As a teacher, I generally do not allow cell phone use in my class. The only time I do is when I have a video clip to show; since my room does not have a projector, I email the link to my students who then watch in on their phones, with me, in class (which is actually kind of fun). When I was an undergrad TA at UMass, one of my students was actually having a conversation on her phone during class, and had to be told several times by us to stop. And it was annoying. Not worth being tackled, but extremely annoying and disrespectful to the rest of the students and the learning environment.

Then, there’s the issue of surveillance. Something tells me that there is much more to the story than we (Raven included) are being fed. For one thing, it is clearly being recorded from multiple angles, meaning other students had their phones out too. That strikes me as having an element of provocation, and a bit of voyeurism on the part of the students. Documentation of these incidents is important, but there is clearly something else going on in the background. As with many stories, there is more to it.

But I’ve gone on long enough. The issue notwithstanding, I firmly believe that what Raven-Symone said was completely appropriate and true. She was commenting on two different issues at the same time, a concept around which many people on the Internet can’t manage to wrap their minds, instead opting to yell at her, demean her, and call her a crazy lady. I wish I could reach through my computer and give Raven a hug, because she speaks the truth, no matter how anyone chooses to interpret it.

3

Emily Litella: Another Fun New Word Game

Not much happened to me today, and I’m not in the mood to do anything because I’m kind of lonely and there’s so much wrong in the world, but I decided to make a fun new word game which I call Emily Litella.

Emily Litella was a character from classic Saturday Night Live, played by the late great Gilda Radner. She would appear on the Weekend Update segment with an opinion piece based on misheard news, and would proceed to ramble about it until corrected, usually by an annoyed Jane Curtin. Subjects included Russian Jewelry (that’s Russian Jewry, Emily), and Making Puerto Rico a Steak (that’s making Puerto Rico a state, Emily). She would end her report by saying “Oh, that’s very different. Never mind.”

So today, I decided to do just that; Litell-ify some headlines by changing just one letter. You can do it too.

Here are mine:

From FOXnews.com:

Security Forces bill school massacre planner in Pakistan shootout.

Emily Litella: How much did that cost?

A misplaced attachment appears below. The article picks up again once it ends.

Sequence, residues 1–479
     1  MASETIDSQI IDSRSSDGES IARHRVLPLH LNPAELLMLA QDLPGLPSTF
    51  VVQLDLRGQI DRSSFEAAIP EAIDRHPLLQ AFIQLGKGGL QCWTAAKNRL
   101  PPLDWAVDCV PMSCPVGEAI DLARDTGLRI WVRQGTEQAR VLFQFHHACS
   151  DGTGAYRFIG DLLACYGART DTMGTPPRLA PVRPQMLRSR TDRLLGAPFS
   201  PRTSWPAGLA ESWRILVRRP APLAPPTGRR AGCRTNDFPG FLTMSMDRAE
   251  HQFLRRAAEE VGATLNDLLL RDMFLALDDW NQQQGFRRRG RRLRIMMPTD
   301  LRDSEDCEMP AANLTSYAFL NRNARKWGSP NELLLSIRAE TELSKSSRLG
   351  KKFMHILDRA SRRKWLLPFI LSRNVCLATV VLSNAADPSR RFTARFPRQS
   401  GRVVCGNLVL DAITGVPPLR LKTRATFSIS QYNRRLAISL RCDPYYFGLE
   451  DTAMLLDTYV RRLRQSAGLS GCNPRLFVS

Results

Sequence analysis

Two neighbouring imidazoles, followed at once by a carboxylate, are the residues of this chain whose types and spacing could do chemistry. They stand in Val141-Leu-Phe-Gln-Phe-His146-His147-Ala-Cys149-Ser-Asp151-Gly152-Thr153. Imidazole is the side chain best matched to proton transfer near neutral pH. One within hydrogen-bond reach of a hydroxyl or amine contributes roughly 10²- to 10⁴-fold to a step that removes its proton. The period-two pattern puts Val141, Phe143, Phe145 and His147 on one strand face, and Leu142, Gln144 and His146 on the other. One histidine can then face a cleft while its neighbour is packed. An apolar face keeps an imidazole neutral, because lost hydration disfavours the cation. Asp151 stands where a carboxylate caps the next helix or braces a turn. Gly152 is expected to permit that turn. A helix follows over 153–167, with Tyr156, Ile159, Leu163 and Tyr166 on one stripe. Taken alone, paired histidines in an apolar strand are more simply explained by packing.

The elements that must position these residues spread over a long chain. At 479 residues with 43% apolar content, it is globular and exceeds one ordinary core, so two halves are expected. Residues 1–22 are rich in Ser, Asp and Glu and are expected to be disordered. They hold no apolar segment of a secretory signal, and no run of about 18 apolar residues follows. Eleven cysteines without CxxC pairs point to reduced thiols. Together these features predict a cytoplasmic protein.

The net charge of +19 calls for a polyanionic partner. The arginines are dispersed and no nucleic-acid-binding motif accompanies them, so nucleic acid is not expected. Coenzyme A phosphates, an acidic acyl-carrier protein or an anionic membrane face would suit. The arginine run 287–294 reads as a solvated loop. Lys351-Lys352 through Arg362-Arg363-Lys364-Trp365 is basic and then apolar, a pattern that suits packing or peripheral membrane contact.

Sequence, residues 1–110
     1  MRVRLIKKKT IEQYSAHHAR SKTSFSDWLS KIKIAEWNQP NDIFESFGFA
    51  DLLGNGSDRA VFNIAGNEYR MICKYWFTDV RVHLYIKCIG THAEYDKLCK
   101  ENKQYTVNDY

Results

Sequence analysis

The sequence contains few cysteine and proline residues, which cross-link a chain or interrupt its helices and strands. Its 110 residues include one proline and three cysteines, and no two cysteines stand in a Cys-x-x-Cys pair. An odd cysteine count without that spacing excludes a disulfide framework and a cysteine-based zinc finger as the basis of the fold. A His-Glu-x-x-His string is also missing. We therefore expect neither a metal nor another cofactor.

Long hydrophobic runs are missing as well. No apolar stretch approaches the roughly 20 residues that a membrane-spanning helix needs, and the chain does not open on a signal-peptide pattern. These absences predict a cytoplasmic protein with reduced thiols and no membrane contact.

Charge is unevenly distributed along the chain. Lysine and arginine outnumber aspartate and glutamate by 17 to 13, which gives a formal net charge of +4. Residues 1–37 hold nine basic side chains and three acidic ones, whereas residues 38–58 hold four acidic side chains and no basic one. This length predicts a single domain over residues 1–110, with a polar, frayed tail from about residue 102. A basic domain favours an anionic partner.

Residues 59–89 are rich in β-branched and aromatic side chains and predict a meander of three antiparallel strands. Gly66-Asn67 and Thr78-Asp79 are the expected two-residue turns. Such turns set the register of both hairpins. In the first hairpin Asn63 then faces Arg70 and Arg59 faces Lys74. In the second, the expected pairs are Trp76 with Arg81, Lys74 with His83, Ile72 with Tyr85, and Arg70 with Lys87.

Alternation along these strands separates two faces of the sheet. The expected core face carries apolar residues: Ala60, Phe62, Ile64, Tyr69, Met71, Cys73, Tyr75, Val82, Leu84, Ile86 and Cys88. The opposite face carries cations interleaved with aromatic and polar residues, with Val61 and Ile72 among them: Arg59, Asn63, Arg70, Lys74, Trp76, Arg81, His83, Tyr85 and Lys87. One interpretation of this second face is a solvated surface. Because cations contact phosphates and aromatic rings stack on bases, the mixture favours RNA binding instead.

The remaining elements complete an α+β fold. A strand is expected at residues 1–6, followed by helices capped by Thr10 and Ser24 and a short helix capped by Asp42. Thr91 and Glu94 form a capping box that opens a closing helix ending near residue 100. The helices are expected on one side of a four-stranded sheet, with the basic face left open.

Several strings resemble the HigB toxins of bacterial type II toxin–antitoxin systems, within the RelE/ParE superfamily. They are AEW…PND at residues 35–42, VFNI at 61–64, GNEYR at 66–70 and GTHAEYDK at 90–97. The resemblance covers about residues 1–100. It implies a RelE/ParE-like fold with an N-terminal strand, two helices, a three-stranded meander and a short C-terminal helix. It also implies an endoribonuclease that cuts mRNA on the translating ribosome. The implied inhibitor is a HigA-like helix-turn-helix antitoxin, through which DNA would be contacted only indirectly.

Experts skeptical N. Korea guilty of Pony hack

Emily Litella: Well that’s not very nice! They must really be as hungry as a horse to do that!

Wake held for 1 of 2 cups gunned down in attack

Emily Litella: I thought shooting whiskey meant drinking it, not having a funeral for it!

Try it. You might laugh a little.

 

5

Turbulence: You May Experience Jerks

The title pretty much says it all.

But to give you some context, it started this morning, when I was supposed to be getting ready for class but reading Facebook on my phone as usual, and I came across an article from a newspaper in New Zealand about this. By the time I had thought of a response, I had long lost the link, so I found an almost identical article here, in the Washington Post.

The article I linked above adds some scenarios that I didn’t encounter in the New Zealand article, so I’m just going to focus on the first one. It happened on an El Al airplane leaving New York (Kennedy, presumably) for Tel Aviv. Several dozen Orthodox Jewish men, some of them rabbis, refused to take seats near women, as Jewish law forbids close contact with non-related women, see one of my negia posts for more on that. After getting all the men seated, the plane finally took off, only for the men to stand back up during the flight and congregate in the aisles, rather than sitting next to women. This made life difficult for everyone else on that eleven hour trans-Atlantic flight, especially when the men offered passengers money to switch seats before takeoff.

I have to say, well done rabbis. You sure showed that plane full of people your true colors. Well, your true monochrome, that is. Now, you’ve not only gotten yourselves a reputation for being jerks, but this stunt will absolutely do wonders for the image of Jews, specifically the Orthodox, around the world. The world is not tailor-made for Jewish people; I’ve learned that the hard way, going to school on Jewish holidays and not being able to eat much from menus in places like Applebee’s, Wendy’s or the entire state of Louisiana. You’re right in the fact that it’s just not fair sometimes. But you have to pick your battles, and when you’re faced with being stuck in a giant metal tube for eleven hours with one hundred or so other people who are trying to live their lives, just sit your ass down and make your your seat belt is securely fastened. This whole not-sitting-next-to-women crap has gone way too far. The Talmud says that men and women may touch in unavoidable situations or during goal-oriented tasks, such as passing plates around a table, doing the laundry, or moving furniture. Why can’t travel fall under the same category? After all, nobody goes on a plane just to sit there and do stuff for the rest of their lives; it’s a temporary situation, so open your book, crank some Miami Boys Choir up to full volume and suck it up. The fact that it’s almost Rosh Hashanah makes it even worse. It’s like, you want to get written in the Book of Life? Try acknowledging other human beings.